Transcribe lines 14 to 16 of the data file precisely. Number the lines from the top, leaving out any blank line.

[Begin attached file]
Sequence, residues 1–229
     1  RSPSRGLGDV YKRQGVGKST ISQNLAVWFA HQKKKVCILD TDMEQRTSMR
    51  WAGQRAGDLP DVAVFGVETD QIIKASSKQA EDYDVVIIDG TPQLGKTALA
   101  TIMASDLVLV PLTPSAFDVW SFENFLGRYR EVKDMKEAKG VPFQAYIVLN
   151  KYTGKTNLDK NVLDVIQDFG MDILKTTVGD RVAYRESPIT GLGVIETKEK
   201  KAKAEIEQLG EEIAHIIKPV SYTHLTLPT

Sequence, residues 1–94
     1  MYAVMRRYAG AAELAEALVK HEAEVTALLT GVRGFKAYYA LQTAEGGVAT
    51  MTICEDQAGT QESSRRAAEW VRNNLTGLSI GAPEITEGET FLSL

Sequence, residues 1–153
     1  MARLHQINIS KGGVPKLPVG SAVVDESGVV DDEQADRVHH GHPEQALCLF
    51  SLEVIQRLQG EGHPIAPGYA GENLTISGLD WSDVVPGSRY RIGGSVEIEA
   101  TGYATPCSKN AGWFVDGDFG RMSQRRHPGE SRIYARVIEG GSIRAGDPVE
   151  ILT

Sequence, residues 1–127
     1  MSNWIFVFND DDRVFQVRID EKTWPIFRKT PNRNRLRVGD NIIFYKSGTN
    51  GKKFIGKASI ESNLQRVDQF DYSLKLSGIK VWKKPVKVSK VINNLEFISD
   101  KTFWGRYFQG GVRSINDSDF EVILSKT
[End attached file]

   151  ILT

Sequence, residues 1–127
     1  MSNWIFVFND DDRVFQVRID EKTWPIFRKT PNRNRLRVGD NIIFYKSGTN